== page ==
prison visitation policies. Consequently, in some facilities families could
make frequent visits, but in others, visits were severely restricted. Credible
reports indicated that ethnic minority prisoners and some foreign prisoners,
especially Africans, were treated particularly harshly. Incommunicado
detention was used as an interrogation device and against perceived problem
prisoners; however, there have been fewer reports of its use in recent years.




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    [13] Although most prisons had some form of clinic, usually with a
doctor or nurse on staff, medical facilities were extremely poor, and in
practice medical treatment was unavailable. In some facilities prisoners
could arrange treatment in outside hospitals if they could pay for the
treatment and the expense of a police escort.

    [14] In August, police in Vientiane Province reportedly arrested an ethnic
Hmong man, Khoua Lee Her, formerly village chief of Ban Houay Yang
village in Houaphanh Province, suspected of having harbored villagers
involved in armed attacks against LPA soldiers in October 2003. Authorities
transferred Her to Houaphanh Province, where in mid-August he died while
incarcerated, allegedly as the result of beatings by police.

    [15] Prison conditions for women were similar to those for men. Prisons
held both male and female prisoners, although they were placed in separate
cells.

   [16] In some prisons, juveniles were housed with adult prisoners. The
Government has proposed constructing a separate juvenile detention center,
but international organizations have advocated that the Government
establish segregated facilities for juveniles within existing facilities to avoid
having juveniles incarcerated far away from their homes.

    [17] The Government has provided limited access to some detention
facilities to nongovernmental organization (NGO) and U.N. personnel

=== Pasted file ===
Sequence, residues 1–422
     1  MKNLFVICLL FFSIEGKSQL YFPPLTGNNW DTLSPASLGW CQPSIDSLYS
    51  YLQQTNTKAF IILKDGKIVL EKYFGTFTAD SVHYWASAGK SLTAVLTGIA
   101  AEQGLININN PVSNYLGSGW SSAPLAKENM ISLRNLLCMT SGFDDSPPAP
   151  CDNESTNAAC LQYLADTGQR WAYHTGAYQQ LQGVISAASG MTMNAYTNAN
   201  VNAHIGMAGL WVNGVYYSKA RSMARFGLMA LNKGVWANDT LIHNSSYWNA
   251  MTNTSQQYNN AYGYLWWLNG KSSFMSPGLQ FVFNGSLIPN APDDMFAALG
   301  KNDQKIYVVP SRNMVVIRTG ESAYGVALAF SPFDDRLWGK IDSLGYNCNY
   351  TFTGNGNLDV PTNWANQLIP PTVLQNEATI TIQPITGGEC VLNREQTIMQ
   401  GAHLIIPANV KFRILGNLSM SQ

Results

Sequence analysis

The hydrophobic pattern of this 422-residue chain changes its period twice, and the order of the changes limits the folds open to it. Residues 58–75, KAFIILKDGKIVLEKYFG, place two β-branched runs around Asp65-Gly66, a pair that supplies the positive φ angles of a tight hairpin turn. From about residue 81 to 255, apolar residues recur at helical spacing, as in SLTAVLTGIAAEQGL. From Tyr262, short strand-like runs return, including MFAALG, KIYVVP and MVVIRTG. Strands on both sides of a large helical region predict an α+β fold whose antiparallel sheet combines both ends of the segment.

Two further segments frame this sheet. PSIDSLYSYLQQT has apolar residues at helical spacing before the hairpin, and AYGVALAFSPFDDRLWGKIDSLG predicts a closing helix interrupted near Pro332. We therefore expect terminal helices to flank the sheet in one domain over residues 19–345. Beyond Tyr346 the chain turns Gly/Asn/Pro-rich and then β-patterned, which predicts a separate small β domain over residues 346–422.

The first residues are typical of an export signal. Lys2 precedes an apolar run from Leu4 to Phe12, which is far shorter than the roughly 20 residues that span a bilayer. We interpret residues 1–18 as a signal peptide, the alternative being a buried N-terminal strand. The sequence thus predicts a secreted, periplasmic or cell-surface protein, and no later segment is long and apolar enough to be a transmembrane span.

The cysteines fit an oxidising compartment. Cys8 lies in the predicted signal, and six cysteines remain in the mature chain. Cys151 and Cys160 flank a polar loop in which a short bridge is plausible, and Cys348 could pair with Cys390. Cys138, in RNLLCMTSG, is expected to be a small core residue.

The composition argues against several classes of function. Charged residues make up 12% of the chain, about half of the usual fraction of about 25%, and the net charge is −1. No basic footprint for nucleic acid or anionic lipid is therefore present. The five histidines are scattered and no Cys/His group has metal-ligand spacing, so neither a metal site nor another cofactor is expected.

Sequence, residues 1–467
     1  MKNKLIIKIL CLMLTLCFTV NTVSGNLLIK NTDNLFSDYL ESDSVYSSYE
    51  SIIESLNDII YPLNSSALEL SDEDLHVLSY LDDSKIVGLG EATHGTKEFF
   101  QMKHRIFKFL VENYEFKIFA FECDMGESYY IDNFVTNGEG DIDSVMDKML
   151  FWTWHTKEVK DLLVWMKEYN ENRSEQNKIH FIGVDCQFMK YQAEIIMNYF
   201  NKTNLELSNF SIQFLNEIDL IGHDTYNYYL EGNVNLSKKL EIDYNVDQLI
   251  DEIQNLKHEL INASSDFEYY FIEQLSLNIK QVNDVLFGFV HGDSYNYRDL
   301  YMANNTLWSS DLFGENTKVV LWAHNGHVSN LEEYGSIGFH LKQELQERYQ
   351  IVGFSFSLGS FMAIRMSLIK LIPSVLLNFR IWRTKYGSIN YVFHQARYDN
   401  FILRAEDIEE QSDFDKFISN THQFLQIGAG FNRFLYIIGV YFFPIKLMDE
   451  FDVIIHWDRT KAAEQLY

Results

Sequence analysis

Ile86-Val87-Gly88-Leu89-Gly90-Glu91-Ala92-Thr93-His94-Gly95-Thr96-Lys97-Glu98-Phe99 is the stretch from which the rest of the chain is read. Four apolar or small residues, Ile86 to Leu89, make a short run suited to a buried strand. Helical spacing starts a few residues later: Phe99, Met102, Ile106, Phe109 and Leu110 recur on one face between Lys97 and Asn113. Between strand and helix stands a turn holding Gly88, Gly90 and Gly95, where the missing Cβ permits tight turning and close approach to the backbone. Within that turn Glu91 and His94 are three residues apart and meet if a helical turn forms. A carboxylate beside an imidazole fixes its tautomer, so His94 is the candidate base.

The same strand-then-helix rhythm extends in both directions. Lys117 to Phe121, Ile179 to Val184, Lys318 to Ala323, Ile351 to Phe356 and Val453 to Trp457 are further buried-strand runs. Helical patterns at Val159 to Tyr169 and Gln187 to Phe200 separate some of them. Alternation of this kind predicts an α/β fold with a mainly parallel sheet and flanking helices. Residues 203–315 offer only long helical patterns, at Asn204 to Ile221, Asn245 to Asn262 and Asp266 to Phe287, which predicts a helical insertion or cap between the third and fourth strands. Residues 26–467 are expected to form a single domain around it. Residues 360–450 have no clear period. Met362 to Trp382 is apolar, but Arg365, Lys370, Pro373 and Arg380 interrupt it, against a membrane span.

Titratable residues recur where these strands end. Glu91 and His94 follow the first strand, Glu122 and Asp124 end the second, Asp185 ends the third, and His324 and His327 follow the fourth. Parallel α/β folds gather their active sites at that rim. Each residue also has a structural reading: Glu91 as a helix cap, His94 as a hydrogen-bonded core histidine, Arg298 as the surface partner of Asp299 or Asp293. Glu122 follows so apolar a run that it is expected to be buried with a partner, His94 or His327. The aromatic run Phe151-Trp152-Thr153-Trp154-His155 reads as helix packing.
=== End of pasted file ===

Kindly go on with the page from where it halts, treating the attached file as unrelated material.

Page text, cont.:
monitoring the status of juveniles in the prison system and has given
representatives of foreign governments limited access to provincial prisons;
however, the Government did not permit independent monitoring of prison
conditions, including by foreign individuals or organizations. The
International Committee of the Red Cross (ICRC) continued its longstanding
efforts to establish an official presence in the country to carry out its
mandate of monitoring prison conditions; however, by year's end the
Government had not granted the ICRC's request.




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   d. Arbitrary Arrest or Detention

    [18] The Constitution and law prohibit arbitrary arrest and detention;
however, in practice, the Government did not respect these provisions, and
arbitrary arrest and detention remained problems. Police sometimes used
arrest as a means of intimidation or to extract bribes. Police exercised wide
latitude in making arrests, relying on exceptions to the requirement for arrest
warrants for those persons in the act of committing a crime or for "urgent"
cases. Incommunicado detention was a problem; however, it was used less
frequently than in the past (see Section 1.c). There is a 1-year statutory limit
for detention without trial; the length of detention without a pretrial hearing
or formal charges by law also is limited to 1 year. The OPG has reportedly
made efforts to ensure all prisoners were brought to trial within the 1-year
limit, but these limits often were ignored. The OPG must authorize police to
hold a suspect pending investigation. Authorization is given in 3-month
increments, and, in theory, after a maximum of 1 year, a suspect must be
released if police do not have sufficient evidence to bring charges. Access to
family members and a lawyer was not assured. There is a bail system, but its
implementation was arbitrary and in practice often amounted to a bribe to
prison officials for the prisoner's release. A statute of limitations applies to
most crimes. In practice, alleged violations of criminal laws have led to
lengthy pretrial detentions without charge and minimal due process
protection of those detained. Authorities sometimes continued to detain
prisoners after they had completed their sentences, particularly in cases
where prisoners were unable to pay court fines.

    [19] During the year, government authorities arrested and detained
approximately 30 Christians, compared with approximately 50 Christians
arrested the previous year. In January, authorities in Attapeu Province
released 11 Christians who had been detained in December 2003 on
suspicion of possessing "poisons;" however, their detention appears to have
been for their religious activities. In April and May, authorities in
Savannakhet Province detained 12 ethnic Brou Christians for religious
activities, releasing them on May 28. In July, authorities in northern
Vientiane Province arrested four ethnic Khmu Christians, allegedly for their
involvement in a scam to buy tractors in which villagers lost several hundred
dollars. The four men were released on December 23. In August, police in
Luang Namtha Province arrested two ethnic Mien Christians for